I despise crappy stuff and so I'm willing to usually look for stuff longer and pay much more for it than your average weekend warrior pays in checkers. Because I still view these things as investments, like my grandparents. But I know my contemporaries don't see it as such... exactly because China has made everything so much cheaper. And there's merit in it, people who can't afford "proper" stuff get the utility they need at a lower price. You can argue about R50 spent 10 times instead of R500 once... but a lot of people simply don't even have a choice in that matter, they need that utility from the product NOW, not in 10 years.

And, I have to admit, it's nice to have the luxury of buying cheap stuff that fills the gap, it allows you to save up a bit for something even better. This is something I sometimes do on purpouse.
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brianvds
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« Reply #4 on: June 15, 2015, 06:45:31 AM »

It's almost impossible to find anything not made in China. As others pointed out, this is not necessarily such a bad thing, if these things are made under license from western or Japanese companies, under proper supervision. An interesting example is my motorbike: made in China under Japanese supervision, it has never given me any serious trouble. Well, the engine hasn't: it is basically a Suzuki engine. But the Chinese "peripherals", things like the odometer and random nuts and bolts and things are all giving up the ghost. The odometer has ceased working. Spots of rust are appearing everywhere. The helmet box at the back fell off, and I have to replace the light bulb at least three or four times a year. Maddening.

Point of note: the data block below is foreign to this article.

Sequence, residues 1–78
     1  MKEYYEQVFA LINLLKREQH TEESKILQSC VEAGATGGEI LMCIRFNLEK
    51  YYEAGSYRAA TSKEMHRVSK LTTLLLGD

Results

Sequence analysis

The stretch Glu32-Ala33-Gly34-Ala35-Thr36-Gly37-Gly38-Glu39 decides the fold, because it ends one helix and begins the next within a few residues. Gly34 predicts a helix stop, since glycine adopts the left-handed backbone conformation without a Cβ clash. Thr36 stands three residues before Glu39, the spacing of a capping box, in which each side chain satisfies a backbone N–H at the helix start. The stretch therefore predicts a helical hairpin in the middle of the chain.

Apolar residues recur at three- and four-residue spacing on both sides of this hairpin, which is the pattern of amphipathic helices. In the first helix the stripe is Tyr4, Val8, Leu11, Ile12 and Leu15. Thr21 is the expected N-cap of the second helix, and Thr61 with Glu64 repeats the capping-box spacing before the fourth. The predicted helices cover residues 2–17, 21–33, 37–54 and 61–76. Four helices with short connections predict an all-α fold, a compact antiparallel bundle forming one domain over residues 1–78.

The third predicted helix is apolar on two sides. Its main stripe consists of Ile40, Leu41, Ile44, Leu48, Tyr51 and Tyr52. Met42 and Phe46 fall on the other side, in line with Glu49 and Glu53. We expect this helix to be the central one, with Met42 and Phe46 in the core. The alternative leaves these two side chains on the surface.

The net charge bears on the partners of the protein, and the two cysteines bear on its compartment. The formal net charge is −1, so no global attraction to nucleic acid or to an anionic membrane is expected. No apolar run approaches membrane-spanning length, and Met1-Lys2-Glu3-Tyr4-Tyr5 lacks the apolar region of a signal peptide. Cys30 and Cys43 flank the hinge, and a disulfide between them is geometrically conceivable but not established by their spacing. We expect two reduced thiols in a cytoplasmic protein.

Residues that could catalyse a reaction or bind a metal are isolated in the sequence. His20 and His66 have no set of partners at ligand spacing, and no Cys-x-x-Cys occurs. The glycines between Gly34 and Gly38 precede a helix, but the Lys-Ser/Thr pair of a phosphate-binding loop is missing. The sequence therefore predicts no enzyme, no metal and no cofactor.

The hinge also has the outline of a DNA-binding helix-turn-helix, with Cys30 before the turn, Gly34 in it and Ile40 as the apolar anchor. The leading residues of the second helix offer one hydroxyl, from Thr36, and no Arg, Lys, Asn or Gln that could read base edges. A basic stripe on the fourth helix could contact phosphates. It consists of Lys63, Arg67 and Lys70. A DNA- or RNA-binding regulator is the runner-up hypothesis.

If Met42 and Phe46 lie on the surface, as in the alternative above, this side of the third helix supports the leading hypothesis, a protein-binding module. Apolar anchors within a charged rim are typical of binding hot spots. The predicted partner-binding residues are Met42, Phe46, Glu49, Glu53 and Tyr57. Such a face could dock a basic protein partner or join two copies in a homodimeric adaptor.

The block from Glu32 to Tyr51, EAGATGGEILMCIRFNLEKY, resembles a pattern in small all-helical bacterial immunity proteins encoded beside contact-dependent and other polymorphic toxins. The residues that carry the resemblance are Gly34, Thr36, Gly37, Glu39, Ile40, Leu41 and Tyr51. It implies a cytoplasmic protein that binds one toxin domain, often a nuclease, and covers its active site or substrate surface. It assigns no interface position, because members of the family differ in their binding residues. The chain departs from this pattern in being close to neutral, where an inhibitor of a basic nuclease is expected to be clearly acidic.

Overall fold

Recently, when my kettle broke, I decided that come hell or high water, I'm not replacing it with a Chinese model. Well, good luck with that - there no longer appears to be such a thing as a kettle not made in China. Here and there you get one where it isn't explicitly stated where it was made, in which case you can be sure it was made in China. I have also noticed that the Chinese have no compunctions whatever about flat-out lying about the origin of their products, or brazenly committing trade mark fraud.

As for the kettle, I eventually settled for a made-in-South Africa aluminium kettle, one of those that do not have an internal element but get heated on the stove top instead. Probably added to my electricity bill, but at least I managed to show the Chinese a bit of middle finger.

Of course, the whole thing is our own fault too: westerners have become utterly addicted to shopping. We buy things for the thrill of the purchase rather than because we need high quality stuff. In such a scenario, the fact that the things are going to break very soon is an advantage, seeing as it allows us to go shopping again. The world now has a symbiotic relationship between, on the one hand, nations of foam-at-the-mouth consumers, and, on the other, a nation of prodigious producers of cheap consumer goods. It's a match made in heaven. ;-)

Oh well. I can remember a time when "Made in Japan" was a byword for "cheap, low-quality crap." Now look at them. They went through their learning curve and now produce some of the highest quality stuff in the world at reasonable prices. Perhaps the Chinese will eventually follow suit.

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Rigil Kent
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« Reply #5 on: June 15, 2015, 08:25:51 AM »

Many years ago in the lab we had constant jamming problems with a pernickity printer - a fault that was traced to a subtandard ream of A4. I remember this because a colleague remarked that the paper had to be a Chinese knock-off. So that was funny.